Vladimir Putin does not have a rational, dianoetic goal capable of being analysed in a logical, coherent way.
The 69 year-old autocrat and former spy has held the reins in Moscow since 1999. Since that date he's made sure his rule is both absolute and unchallenged.
When he came to power Russia's GDP per person had reached its nadir; just US $1330 per person. The place was a disaster and endorsing Putin's strong-man control appeared to offer a way out. He offered a return to prosperity and a vague form of civic government in return for absolute power.
By 2012 GDP had risen to $15,420. Now, however, it's contracted back to $10,000 and the shrugging acceptance that once guaranteed his despotic rule is necessarily buttressed by secret police and intimidation. Putin's rule remains absolute, with dissenting voices either silenced or incarcerated. But he's now as vulnerable - and as dangerous - as a cornered snake.
And this is the background to the problem the west faces as it attempts to resolve the invasion of Ukraine. Putin believes he lives in a world where he has the right to choose who governs countries in his 'sphere of influence'. Because he sits in grand halls surrounded by saluting guardsmen (who snap to attention) and grovelling lackeys (who rush to agree with his every thought), his understanding of the 'real' world has become unhinged. But try telling that to a madman possessing nuclear weapons.
That's why the military resistance to his offensive has been so important.
Russian tank armies are designed specifically to smash through defensive lines and strike quickly for the brain of enemy forces, their command and control networks. This made them the ultimate conventional weapon of the cold war. The theory was that they would crush opposition under their tracks as they rolled forwards, unable to be stopped by anything less than a nuclear strike. In the days since Putin gave the orders that first launched his forces towards Kyiv, however, it seems as if the reality is not exactly matching the projections written in Russian manuals.
The carefully planned strike on the capital has moved forwards inexorably but (at 15km a day) far slower than intended. It appears that in places Ukrainians have been targeting the soft-skinned and vital refuelling vehicles needed to support the tanks, while at the front hand-held anti-tank missiles and projectiles have damaged a large number of these supposedly invulnerable weapons systems, as well as knocking troop-carrying helicopters out of the sky.
It's unlikely such defiance can continue for long (the Russian forces are simply too strong and overwhelming) but for every day it continues this resistance creates a new dynamic. It's a message that directly contradicts Putin's narrative and corrodes his control, eating away at the assumption he will always be in power and revealing the reality that the foundations of his rule have been laid on sand. This is why the Ukraine has now become a war of narratives.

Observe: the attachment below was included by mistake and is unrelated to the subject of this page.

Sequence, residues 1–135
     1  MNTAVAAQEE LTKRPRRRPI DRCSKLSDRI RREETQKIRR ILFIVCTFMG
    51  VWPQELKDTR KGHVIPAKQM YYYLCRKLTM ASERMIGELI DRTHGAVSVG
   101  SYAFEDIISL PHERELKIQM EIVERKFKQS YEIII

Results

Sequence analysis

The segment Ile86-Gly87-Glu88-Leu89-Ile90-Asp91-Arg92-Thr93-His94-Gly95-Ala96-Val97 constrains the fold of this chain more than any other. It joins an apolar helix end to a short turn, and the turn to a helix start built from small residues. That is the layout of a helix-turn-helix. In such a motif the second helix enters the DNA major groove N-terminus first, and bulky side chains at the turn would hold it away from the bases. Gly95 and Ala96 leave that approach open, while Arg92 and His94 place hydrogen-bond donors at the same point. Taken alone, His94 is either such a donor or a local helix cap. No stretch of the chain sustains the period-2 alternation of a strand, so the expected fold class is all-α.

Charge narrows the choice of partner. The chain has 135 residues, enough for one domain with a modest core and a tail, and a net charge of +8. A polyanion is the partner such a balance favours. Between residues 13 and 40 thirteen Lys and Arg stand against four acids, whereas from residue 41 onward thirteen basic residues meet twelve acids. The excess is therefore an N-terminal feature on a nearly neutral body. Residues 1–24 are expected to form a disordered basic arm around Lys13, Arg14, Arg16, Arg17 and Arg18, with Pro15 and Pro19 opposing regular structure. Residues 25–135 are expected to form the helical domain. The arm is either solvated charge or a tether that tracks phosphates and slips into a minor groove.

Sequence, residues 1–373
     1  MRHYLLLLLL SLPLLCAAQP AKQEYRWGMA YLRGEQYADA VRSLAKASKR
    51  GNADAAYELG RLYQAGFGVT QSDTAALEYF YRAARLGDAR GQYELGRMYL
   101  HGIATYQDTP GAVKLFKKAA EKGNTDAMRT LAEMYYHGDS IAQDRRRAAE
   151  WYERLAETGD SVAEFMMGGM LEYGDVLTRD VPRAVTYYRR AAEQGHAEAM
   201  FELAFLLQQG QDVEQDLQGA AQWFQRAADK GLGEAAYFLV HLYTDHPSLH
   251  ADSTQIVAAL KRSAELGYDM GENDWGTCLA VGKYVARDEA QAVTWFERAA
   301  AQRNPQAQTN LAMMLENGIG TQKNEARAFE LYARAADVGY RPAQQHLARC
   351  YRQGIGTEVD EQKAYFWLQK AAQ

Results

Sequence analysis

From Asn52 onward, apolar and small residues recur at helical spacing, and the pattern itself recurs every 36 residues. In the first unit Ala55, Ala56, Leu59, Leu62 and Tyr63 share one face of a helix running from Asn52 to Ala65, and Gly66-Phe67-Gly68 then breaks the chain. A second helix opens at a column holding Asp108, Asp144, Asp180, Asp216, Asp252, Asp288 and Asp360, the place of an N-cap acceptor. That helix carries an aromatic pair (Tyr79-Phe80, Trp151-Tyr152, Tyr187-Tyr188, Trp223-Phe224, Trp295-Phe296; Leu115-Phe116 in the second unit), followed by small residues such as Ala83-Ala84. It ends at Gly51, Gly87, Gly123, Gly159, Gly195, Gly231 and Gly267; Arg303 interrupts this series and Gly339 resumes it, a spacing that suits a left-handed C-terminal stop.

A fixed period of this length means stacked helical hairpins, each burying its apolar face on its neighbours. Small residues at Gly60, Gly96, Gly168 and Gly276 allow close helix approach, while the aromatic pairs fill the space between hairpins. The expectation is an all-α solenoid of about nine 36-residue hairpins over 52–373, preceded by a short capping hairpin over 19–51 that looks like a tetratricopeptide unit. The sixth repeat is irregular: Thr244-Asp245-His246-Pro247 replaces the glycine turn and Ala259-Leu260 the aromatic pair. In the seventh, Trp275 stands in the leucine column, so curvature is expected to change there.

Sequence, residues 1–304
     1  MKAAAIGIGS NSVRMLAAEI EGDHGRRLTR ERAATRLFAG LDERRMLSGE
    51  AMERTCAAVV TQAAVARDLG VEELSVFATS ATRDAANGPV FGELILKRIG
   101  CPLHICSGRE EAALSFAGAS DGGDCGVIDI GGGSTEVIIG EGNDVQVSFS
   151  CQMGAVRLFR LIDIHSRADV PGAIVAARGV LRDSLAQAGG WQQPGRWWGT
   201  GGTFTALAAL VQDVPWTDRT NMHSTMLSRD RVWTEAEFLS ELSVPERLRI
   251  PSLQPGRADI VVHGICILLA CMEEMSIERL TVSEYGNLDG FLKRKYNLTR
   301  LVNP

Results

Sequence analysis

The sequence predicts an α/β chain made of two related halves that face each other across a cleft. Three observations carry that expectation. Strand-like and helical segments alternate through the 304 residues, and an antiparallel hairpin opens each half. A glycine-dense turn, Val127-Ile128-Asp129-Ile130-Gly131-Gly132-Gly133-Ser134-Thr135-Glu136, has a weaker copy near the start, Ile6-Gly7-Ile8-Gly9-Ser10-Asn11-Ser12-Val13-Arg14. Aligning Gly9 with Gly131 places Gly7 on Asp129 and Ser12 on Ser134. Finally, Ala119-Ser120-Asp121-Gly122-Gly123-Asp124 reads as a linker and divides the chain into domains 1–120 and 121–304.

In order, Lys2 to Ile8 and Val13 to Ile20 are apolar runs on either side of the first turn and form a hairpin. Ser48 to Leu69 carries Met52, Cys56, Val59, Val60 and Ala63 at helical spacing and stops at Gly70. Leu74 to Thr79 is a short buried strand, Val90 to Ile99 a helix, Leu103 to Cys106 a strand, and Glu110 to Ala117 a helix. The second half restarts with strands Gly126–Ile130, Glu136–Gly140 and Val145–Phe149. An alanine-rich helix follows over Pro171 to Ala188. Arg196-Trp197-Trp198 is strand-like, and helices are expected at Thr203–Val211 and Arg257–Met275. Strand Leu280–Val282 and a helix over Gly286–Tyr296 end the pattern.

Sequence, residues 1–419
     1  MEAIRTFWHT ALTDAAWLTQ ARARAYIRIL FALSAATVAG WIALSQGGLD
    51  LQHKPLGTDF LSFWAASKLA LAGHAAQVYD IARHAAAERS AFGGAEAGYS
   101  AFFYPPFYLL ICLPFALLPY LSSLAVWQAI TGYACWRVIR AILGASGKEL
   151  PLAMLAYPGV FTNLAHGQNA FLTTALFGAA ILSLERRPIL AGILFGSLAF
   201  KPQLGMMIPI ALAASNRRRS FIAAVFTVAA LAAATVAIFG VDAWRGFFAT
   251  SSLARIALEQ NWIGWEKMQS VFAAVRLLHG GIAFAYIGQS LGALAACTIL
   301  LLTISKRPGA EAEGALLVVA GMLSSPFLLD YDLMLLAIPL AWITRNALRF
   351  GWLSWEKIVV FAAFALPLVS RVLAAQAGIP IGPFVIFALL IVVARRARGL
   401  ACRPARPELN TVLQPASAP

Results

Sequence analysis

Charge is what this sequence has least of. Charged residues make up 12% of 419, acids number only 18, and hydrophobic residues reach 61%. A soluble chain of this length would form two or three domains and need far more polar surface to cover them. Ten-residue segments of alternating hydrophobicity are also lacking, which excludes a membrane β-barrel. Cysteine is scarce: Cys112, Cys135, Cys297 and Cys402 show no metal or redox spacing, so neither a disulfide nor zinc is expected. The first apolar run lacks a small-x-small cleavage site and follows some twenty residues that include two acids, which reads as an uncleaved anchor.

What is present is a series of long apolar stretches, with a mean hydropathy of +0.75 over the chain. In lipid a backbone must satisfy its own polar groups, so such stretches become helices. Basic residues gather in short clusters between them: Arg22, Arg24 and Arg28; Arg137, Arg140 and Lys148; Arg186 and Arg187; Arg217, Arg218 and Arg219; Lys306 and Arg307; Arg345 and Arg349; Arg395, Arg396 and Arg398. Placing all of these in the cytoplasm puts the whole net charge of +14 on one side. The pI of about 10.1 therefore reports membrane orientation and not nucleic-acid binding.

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Perhaps because he's a former actor, Ukrainian President Volodymyr Zelensky understands the power of stories. When the US offered to fly him out he tweeted: "The fight is here; I need ammunition, not a ride."
By the time this is published he will probably have either fled his palace or been killed. Either way, however, the story line of his legitimacy will endure. By displaying defiance and seizing the moral high ground he has ensured he, or the desires of Ukrainian nationalists, will have their voices heard at the end of this conflict.
This is the last thing Putin wants.
The worst prospect for the Russian autocrat was that the conflict would become internationalised and that other countries would actually be prepared to line up against him. That's why Putin so desperately needed his tanks to smash through the defences so quickly. He needed to demonstrate that there was no point in opposing his will; that he was so powerful that nothing could stop him. Today, however, Putin (just like Josef Stalin before him) is paying the price of being an absolute ruler: nobody in their tight little circle they draw around them will tell the truth. Many will not even recognise it. The autocrats become more and more remote until they begin to act against their own, long-term interests.
Putin already is.
Before the invasion he held all the cards and didn't have to play any. He was being rewarded for not moving and didn't have to risk anything. Then his nature came to the fore. He just couldn't resist striking, even though there was everything to lose, nothing more to be gained. Initiating this conflict was not the balanced act of a normal person.
This is the only way to understand this war.
Forget the justifications of left and right. The conflict was not 'started' by the US, no matter how unwelcome NATO expansion may have been in Moscow.
Nor is it somehow acceptable to see Ukraine as within Russia's sphere of influence and there can be no sympathy for Putin no matter how concerned he was about being 'surrounded'.
Nicholas Stuart is a Canberra writer.
Nicholas Stuart is a Canberra writer.
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